By Yasmijn Jarram

Soldiers, warriors and generals from colonial times appear in Andrew Gilbert’s extravagant, harsh humoristic drawings and installations. Andrew Gilbert caricaturizes familiar figures from Western civilisation by mixing them with spirits from ancient primitive cultures. This is how he attempts to escape from everyday reality and step into the world of 19th century British colonialism. He has studied historic wars and familiarised himself with major leaders such as Shaka Zulu and Gordon van Khartoum. But he also creates imaginary leaders and gurus, for example the Holy Brocoli from India.

However, there is more to Gilbert’s work than these clever jokes. By representing historic events, Andrew Gilbert refers to and searches for parallels with contemporary conflicts. He became interested in primitive art when he was still at art college, particularly in the way European artists such as Ernst Ludwig Kirchner and Emil Nolde responded to this genre. Another important source of inspiration for him are classic war films such as Zulu (1964). Apart from Ernst Ludwig Kirchner and Emil Nolde, actors Michael Caine and Ingrid Pitt also appear in many of his drawings, as well as singer Nina Simone, who – looking like a goddess – destroys all the primitive peoples of Europe.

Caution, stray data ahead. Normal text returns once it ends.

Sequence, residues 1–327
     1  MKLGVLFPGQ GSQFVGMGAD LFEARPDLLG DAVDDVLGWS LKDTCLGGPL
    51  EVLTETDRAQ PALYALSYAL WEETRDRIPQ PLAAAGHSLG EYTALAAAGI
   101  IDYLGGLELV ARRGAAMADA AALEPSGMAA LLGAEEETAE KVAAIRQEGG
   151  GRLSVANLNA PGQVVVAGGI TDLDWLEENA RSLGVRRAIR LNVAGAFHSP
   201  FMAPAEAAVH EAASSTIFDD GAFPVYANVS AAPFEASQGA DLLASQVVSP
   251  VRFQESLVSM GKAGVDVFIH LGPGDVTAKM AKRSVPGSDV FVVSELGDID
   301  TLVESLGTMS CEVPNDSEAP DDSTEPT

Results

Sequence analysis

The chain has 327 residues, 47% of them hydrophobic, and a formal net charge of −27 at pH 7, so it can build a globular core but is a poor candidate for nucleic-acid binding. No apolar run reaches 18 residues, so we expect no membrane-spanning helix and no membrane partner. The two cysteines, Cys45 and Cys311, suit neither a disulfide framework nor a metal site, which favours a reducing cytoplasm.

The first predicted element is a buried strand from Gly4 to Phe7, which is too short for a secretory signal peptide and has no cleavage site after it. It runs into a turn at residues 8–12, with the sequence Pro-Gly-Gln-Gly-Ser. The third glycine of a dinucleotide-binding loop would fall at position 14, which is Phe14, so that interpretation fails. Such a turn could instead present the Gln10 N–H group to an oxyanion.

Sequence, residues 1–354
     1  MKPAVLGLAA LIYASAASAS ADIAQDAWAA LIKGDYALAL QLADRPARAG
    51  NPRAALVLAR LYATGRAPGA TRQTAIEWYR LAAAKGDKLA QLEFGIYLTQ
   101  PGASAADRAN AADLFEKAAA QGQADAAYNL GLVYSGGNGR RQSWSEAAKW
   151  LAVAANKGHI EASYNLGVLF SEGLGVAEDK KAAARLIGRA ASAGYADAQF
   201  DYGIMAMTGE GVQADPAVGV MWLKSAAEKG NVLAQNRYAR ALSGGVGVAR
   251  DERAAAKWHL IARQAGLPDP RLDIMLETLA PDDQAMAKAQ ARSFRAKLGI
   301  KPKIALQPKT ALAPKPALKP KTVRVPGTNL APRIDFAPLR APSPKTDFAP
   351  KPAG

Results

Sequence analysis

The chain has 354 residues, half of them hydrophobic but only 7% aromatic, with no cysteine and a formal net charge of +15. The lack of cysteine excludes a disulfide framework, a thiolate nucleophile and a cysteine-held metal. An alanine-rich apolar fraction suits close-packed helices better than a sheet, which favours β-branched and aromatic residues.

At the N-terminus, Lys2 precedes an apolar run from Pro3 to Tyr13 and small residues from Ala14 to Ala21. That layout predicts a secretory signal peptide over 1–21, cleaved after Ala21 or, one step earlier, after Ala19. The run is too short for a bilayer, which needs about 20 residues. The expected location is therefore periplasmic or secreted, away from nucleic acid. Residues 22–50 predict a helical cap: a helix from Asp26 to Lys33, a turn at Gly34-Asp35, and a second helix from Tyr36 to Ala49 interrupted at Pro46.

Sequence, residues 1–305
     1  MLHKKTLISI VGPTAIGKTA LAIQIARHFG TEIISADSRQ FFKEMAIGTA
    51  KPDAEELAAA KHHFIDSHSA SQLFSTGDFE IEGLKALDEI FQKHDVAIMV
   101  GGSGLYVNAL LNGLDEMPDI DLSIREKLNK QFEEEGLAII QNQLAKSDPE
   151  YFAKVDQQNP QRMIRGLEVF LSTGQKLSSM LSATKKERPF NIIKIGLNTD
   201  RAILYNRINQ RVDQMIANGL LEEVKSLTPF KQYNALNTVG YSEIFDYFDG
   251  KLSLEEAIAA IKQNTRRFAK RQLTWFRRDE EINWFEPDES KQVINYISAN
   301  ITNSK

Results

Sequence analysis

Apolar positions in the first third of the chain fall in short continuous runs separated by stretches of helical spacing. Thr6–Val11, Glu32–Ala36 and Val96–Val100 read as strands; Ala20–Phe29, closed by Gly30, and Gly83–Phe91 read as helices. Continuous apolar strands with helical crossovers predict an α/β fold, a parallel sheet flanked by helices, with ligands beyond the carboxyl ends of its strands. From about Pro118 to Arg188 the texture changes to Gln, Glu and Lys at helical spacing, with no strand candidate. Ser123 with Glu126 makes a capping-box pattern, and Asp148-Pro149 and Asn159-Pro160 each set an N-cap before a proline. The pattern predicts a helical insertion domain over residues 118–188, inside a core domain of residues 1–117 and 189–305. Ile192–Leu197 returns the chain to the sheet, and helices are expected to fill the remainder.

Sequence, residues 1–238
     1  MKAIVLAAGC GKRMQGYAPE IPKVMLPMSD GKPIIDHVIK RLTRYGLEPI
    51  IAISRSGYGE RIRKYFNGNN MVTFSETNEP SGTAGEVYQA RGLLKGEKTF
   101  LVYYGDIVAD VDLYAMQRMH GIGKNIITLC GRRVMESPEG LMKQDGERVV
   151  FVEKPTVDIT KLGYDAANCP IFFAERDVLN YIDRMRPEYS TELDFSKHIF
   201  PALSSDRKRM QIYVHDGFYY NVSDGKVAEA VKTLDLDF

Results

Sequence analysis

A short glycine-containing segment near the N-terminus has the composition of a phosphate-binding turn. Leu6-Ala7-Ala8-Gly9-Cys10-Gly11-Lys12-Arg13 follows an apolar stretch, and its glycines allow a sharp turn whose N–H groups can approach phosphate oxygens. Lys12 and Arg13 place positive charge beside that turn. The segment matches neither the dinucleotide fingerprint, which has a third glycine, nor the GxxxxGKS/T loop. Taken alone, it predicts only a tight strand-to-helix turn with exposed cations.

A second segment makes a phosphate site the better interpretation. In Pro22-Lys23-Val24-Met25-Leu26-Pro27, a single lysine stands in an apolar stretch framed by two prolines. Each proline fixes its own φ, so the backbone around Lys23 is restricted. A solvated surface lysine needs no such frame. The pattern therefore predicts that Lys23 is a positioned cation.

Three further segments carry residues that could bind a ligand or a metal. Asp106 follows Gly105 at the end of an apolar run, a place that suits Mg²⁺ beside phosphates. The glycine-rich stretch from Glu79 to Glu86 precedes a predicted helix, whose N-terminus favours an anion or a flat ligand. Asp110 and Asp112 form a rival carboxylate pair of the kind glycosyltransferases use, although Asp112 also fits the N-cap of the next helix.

In his often sizeable installations, Andrew Gilbert combines European military costumes with tribal art, particularly with African fetish images and Voodoo culture artefacts. He finds these representations of religious and mystic energy in the Biblical works of 15th century painter Rogier van der Weyden. This is how he connects European traditions with primitive African rituals.